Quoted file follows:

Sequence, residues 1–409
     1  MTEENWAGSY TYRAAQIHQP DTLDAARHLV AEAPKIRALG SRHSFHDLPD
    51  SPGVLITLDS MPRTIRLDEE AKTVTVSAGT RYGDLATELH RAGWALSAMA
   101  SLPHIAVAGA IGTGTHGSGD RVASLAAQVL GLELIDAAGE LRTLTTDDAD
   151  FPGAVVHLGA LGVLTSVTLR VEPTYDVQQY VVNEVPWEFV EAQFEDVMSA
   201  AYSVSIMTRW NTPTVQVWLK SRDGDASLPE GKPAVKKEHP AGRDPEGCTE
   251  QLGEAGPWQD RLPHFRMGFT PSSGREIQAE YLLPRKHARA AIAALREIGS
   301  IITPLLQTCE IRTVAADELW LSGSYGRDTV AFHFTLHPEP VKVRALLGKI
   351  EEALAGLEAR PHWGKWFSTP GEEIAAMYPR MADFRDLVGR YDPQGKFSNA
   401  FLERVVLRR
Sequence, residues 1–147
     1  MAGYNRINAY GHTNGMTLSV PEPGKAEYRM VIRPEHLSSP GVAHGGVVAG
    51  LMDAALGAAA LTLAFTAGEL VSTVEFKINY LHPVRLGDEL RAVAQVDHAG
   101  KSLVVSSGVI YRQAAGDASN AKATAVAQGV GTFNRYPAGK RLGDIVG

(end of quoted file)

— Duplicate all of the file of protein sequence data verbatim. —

Sequence, residues 1–409
     1  MTEENWAGSY TYRAAQIHQP DTLDAARHLV AEAPKIRALG SRHSFHDLPD
    51  SPGVLITLDS MPRTIRLDEE AKTVTVSAGT RYGDLATELH RAGWALSAMA
   101  SLPHIAVAGA IGTGTHGSGD RVASLAAQVL GLELIDAAGE LRTLTTDDAD
   151  FPGAVVHLGA LGVLTSVTLR VEPTYDVQQY VVNEVPWEFV EAQFEDVMSA
   201  AYSVSIMTRW NTPTVQVWLK SRDGDASLPE GKPAVKKEHP AGRDPEGCTE
   251  QLGEAGPWQD RLPHFRMGFT PSSGREIQAE YLLPRKHARA AIAALREIGS
   301  IITPLLQTCE IRTVAADELW LSGSYGRDTV AFHFTLHPEP VKVRALLGKI
   351  EEALAGLEAR PHWGKWFSTP GEEIAAMYPR MADFRDLVGR YDPQGKFSNA
   401  FLERVVLRR
Sequence, residues 1–147
     1  MAGYNRINAY GHTNGMTLSV PEPGKAEYRM VIRPEHLSSP GVAHGGVVAG
    51  LMDAALGAAA LTLAFTAGEL VSTVEFKINY LHPVRLGDEL RAVAQVDHAG
   101  KSLVVSSGVI YRQAAGDASN AKATAVAQGV GTFNRYPAGK RLGDIVG